The Times today ran a truly execrable article warning us that, once the virus has passed, we will suffer dire consequences from the runup of government debt. As most readers know, this argument is theoretically illiterate, derived from the false comparison between household and government debt. We've been through this many times before, and I have nothing to add.
I do want to focus on one sentence, however, to illustrate how intellectual blinders can lead to absurd conclusions.
To quote the author, Carl Hulse, "In other words, the bill will come due, as it always does."
Does it? Check out total Federal debt measured as a percent of GDP:
As you can see, it skyrocketed during the 1940s, when the US went to war against Germany, Italy and Japan. By the time the war was over it was at an all-time high. Yes, we had to borrow to produce all the war materiel and send millions of troops around the world; no one doubts that. But after V-E and V-J, how were public finances affected?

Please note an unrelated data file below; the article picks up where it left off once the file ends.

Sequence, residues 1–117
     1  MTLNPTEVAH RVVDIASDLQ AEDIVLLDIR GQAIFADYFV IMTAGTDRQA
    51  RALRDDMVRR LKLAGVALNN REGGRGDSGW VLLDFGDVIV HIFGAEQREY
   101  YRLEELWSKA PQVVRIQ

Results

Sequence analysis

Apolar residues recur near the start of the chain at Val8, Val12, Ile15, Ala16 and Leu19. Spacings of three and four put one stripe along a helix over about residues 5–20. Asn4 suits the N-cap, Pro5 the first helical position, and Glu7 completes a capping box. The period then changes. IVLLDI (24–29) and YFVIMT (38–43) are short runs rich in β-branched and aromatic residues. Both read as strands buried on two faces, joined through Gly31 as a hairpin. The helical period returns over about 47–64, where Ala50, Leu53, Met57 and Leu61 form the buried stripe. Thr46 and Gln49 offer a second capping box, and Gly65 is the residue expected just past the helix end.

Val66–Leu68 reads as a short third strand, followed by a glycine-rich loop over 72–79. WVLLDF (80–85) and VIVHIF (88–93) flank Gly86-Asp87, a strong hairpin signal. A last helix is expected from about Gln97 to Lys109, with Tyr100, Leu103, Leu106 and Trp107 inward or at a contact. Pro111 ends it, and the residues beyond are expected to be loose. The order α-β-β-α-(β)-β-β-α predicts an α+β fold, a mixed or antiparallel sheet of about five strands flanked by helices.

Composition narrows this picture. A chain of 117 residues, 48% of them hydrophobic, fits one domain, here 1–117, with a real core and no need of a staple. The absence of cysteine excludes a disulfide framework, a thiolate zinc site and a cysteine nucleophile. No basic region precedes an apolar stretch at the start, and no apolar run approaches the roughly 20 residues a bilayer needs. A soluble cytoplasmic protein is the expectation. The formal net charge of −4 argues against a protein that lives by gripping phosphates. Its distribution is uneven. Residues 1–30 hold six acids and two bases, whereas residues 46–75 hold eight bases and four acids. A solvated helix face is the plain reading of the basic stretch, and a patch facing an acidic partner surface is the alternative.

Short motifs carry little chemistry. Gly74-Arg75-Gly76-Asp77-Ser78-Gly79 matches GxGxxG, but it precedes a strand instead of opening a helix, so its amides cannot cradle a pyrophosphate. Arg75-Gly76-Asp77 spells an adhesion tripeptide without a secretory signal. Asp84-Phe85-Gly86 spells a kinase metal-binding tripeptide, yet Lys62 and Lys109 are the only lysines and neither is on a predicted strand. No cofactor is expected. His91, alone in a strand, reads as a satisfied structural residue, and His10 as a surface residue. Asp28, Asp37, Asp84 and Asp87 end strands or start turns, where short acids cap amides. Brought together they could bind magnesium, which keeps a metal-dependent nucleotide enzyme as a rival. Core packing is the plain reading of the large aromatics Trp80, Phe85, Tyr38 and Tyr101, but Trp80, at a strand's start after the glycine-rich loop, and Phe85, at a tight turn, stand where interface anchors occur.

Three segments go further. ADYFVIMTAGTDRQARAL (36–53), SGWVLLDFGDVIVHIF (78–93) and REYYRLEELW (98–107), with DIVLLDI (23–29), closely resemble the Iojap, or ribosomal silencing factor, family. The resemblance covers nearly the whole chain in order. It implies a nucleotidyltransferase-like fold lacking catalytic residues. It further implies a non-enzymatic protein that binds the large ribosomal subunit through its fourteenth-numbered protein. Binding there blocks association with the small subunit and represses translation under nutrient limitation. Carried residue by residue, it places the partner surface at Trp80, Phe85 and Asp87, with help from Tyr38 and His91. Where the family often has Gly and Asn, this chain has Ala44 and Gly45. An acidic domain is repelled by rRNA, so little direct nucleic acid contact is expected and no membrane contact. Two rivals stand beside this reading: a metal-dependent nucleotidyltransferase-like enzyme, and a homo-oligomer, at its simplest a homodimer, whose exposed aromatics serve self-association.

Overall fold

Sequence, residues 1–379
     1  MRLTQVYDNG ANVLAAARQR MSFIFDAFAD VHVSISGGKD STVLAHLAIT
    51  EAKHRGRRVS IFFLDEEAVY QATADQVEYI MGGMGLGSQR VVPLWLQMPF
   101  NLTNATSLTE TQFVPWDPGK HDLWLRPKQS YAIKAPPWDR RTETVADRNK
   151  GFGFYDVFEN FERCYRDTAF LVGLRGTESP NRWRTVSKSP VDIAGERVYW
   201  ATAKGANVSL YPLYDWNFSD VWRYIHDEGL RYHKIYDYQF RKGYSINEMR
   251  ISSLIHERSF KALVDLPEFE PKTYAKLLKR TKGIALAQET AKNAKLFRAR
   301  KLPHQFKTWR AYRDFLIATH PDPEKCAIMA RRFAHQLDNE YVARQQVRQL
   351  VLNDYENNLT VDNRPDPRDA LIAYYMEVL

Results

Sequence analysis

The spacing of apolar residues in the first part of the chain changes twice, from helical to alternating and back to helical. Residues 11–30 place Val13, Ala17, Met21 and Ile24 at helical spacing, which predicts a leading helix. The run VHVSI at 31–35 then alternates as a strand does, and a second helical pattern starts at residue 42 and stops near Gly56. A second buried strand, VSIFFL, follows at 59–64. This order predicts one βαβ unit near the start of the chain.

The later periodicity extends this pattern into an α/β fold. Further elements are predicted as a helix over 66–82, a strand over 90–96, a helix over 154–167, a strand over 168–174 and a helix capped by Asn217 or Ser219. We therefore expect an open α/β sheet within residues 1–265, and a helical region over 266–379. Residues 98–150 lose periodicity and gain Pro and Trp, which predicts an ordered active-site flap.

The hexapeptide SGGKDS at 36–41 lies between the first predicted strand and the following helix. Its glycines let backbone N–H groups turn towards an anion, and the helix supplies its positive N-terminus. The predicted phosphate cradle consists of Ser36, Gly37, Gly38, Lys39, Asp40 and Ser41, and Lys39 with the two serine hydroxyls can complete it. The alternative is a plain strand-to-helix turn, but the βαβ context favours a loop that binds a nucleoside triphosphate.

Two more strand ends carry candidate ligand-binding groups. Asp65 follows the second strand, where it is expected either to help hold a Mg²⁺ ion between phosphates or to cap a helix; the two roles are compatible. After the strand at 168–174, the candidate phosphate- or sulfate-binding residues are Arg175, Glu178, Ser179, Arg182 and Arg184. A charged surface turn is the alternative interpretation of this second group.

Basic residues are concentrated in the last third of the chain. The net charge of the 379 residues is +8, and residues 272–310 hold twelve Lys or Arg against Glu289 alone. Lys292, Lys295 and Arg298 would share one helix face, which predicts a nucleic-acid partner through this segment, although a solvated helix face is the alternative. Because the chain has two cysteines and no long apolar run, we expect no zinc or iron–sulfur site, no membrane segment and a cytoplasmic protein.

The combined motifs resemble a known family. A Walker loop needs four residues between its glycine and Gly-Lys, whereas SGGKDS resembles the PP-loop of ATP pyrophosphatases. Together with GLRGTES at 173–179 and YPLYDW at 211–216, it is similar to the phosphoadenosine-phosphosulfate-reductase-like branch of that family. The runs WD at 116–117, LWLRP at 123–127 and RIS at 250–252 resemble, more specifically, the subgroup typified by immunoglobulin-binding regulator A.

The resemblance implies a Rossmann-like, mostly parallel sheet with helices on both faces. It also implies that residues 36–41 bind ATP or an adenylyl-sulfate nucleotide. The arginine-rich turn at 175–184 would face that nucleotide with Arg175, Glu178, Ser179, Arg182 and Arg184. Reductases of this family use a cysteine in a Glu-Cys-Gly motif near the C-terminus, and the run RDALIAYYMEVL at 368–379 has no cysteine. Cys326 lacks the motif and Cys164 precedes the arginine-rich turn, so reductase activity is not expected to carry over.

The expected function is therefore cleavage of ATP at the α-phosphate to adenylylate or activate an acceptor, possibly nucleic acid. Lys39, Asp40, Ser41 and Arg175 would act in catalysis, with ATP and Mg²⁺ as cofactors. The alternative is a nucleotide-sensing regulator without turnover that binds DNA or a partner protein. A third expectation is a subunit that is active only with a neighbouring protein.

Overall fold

For the answer, take a look at the federal budget surplus or deficit as a percent of GDP:
Well, we ran a surplus for a few years after the war, hardly of the same caliber as the wartime deficits, and then it was business as usual: mostly modest deficits with the occasional surplus or breakeven year. So when did we "pay off" all those war bonds? Never. We just rolled them over and regularly added more debt along the way. Nominal growth took care of it.
So no, the bill will not come due, as it didn't before.